I personally have offered up the Capri 22 as the ultimate starter boat. It has very little cabin, but a huge cockpit of almost 9 feet. It has all the grown-up sail controls, in a tiny package. They also made a standard rig, a tall, a fin, and a wing design. So depening on what your immediate needs are there is a version that works best... some don't have water problems, so the fin is good. Some need to trailer so the wing is good. Some have mostly light air and the tall rig is better.

My point is, given some parameters, the SJ, a pretty common keelboat, will have a huge following, and many people who can help point out the strong points and how to get the most out of the boat. Also with a bunch of people still sailing them, finding parts should generally be easier, and asking questions on how to maintain the boat and what problem areas to focus on should also be easy.

Now focusing back on the OP, keep in mind maintaining these older boats comes with an lot of extra expenses. Don't expect a 1976 sailboat to be up to off-shore work (and it doesnt' sound like you do) from day 1. Much of the rigging on these boats require, not only labor, but also $$ to get you up and running safely. That includes necessary safety gear.

PS: If that C&C is available it'd be way more boat if the OP is attempting to spend much time off shore. Didn't we have another person wanting to get AN SJ 24 and sail around the world. Ah yes Rimas! Sailing around the world in a San Juan 24 - Sailing Anarchy - Sailing Anarchy Forums To the OP keep your expectations of a 40yo sailboat, er, um reasonable. The fact that poor Rimas is still alive is a miracle of epic proportions.
 

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Hmmm... bl, that's pretty out of character for you.
For the record the San Jaun is a helluva starter keelboat, you'll learn a lot, and welcome.

As for the question of "getting laid" in such a small boat. All I'll say is my Capri 25 was anything but my definition of "comfy" down below... barely sitting room below. Wife had NO WORRIES about, um sleeping below. There is just something about sailboats.
My point was that there are better boats out there, especially in today's marketplace, than a boat that needs to have the interior stripped out to deal with a mold issue that is indicative of bigger issues, like core rot, leaks, etc. Once all the soft goods have been pulled from the cabin, it is decidedly uncozy. even jail cells have mattresses and blankets.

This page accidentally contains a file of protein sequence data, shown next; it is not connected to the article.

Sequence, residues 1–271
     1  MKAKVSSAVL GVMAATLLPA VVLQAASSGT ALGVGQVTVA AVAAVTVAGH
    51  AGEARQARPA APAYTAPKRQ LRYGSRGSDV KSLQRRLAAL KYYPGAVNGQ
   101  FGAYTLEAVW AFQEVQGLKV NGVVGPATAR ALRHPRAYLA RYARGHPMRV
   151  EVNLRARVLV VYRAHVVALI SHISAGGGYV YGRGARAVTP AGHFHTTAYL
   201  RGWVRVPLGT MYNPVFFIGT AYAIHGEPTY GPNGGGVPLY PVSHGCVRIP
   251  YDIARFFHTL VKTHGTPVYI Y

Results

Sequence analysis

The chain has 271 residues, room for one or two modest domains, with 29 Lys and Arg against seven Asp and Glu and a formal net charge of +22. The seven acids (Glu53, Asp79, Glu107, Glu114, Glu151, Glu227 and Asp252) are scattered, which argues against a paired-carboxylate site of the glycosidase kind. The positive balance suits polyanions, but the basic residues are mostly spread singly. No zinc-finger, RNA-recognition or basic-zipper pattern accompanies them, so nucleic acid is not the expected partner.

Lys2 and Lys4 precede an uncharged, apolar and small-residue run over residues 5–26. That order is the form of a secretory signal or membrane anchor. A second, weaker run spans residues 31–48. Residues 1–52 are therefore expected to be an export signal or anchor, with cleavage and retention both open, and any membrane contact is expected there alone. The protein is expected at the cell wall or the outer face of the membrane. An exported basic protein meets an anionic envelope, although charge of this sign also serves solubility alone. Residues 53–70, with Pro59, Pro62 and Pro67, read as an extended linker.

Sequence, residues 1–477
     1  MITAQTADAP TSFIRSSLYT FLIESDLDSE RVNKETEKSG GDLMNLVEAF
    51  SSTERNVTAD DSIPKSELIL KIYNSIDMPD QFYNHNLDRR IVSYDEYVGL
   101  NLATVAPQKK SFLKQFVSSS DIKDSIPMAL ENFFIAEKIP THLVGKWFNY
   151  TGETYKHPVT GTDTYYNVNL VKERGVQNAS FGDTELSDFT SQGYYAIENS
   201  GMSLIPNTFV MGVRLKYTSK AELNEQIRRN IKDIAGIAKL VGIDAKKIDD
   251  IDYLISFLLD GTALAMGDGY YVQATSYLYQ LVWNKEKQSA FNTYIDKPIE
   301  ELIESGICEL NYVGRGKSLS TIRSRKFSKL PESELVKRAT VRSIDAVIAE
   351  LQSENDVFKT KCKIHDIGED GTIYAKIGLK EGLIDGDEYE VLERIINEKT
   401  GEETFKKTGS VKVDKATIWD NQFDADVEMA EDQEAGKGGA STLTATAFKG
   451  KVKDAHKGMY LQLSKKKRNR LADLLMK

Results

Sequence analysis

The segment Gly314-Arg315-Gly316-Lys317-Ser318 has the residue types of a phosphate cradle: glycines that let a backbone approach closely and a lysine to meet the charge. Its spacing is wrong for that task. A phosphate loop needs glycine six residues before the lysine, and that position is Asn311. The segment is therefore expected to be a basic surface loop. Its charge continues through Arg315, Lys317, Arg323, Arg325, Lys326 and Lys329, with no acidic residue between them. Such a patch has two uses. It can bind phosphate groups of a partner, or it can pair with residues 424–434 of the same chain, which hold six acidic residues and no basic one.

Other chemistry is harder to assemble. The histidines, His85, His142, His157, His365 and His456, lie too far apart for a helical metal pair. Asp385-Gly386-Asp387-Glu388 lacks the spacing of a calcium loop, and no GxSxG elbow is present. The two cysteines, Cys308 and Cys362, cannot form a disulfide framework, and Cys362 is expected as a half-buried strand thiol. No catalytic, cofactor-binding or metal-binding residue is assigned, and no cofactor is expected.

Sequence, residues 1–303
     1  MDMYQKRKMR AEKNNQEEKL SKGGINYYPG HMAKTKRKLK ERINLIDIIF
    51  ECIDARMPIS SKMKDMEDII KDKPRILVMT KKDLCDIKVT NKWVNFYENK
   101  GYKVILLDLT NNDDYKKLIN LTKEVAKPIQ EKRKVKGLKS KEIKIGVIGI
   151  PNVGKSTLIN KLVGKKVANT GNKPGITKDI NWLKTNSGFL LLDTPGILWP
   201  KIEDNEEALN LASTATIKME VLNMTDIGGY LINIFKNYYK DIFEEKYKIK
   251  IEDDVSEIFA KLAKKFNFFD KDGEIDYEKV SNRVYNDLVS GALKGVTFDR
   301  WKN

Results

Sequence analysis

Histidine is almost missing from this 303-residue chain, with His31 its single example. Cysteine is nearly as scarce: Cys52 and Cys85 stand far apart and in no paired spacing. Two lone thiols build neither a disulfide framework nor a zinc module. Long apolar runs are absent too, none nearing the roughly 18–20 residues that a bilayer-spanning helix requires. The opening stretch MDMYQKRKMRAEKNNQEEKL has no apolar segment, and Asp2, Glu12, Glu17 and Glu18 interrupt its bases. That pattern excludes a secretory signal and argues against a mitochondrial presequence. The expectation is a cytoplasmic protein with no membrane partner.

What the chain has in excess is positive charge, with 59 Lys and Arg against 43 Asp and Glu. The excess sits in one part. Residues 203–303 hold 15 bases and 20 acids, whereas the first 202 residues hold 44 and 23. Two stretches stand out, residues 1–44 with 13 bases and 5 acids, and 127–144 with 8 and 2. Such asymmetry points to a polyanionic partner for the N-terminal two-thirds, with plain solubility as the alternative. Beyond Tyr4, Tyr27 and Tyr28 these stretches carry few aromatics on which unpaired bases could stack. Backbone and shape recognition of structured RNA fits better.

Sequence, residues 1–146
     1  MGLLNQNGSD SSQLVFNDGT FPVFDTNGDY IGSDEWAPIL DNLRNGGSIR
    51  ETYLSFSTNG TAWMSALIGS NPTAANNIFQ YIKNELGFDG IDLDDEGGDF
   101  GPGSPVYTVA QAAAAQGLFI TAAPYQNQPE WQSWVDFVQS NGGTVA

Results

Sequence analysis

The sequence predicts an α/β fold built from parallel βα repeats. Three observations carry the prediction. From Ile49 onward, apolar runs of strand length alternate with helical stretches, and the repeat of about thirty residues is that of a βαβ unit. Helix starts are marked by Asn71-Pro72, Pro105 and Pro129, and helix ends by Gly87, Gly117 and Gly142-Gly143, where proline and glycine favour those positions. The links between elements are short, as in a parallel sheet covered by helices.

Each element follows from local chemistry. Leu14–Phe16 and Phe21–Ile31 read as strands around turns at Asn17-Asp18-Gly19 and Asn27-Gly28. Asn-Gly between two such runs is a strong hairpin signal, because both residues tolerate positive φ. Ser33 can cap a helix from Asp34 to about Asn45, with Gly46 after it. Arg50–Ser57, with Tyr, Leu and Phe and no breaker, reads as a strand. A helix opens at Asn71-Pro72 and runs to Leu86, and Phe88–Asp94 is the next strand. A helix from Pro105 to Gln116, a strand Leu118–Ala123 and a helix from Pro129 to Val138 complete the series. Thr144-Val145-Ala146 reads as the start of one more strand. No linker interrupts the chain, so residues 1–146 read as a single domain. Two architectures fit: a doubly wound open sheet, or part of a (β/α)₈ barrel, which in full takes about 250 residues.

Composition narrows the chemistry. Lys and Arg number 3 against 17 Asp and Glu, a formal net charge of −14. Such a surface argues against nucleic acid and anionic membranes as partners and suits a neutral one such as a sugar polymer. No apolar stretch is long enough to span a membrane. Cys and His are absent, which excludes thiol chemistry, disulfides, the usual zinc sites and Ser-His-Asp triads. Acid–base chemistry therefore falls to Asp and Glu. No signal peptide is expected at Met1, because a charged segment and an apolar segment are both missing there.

Also, if the goal is to anchor out while doing all this work, the more derelict the boat looks, the more likely it is that there will be grief and harassment coming.
 

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Discussion Starter · #11 ·
My point was that there are better boats out there, especially in today's marketplace, than a boat that needs to have the interior stripped out to deal with a mold issue that is indicative of bigger issues, like core rot, leaks, etc. Once all the soft goods have been pulled from the cabin, it is decidedly uncozy. even jail cells have mattresses and blankets.

Also, if the goal is to anchor out while doing all this work, the more derelict the boat looks, the more likely it is that there will be grief and harassment coming.
The reason that I assumed that I would need to pull out the foam at least is that the first boat I ever used was a 21' center console. The aft bilge had a very bad mildew problem that took two months to fix and lots of time down in that little hell hole. Also I have only seen pictures of the outside of it and I'm keeping my options open. Just wanted to get some insight.
 

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What boat you choose should depend on where you plan to sail - we sail mostly offshore and with just a crew of two, so, our Bristol 29.9 (third boat for us) was a good choice for us.
Stay with a sloop for your first boat - a cutter has too many sails to worry about.
 

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Welcome William. I used to cave dive in your neck of the woods back in the 90s. Now I sail and dive my boat. All great endeavors.

Which cove do you plan to anchor in? Are you thinking of living in the boat or just using it as a daysailor? These might affect your choices in the type of boat you get, but at this stage, just get something that is sturdy and has good rigging/sails, then sail the hell out of it. You'll more than likely have other opportunities for better boats in the future. Just make sure whatever you get has good bones. There are a lot of good ones out there in the 20-24-ft range. As to mold, it can exist behind the floorboards and headliner, so throwing out the cushions can eliminate the worst of the smell, but it probably won't eliminate it entirely.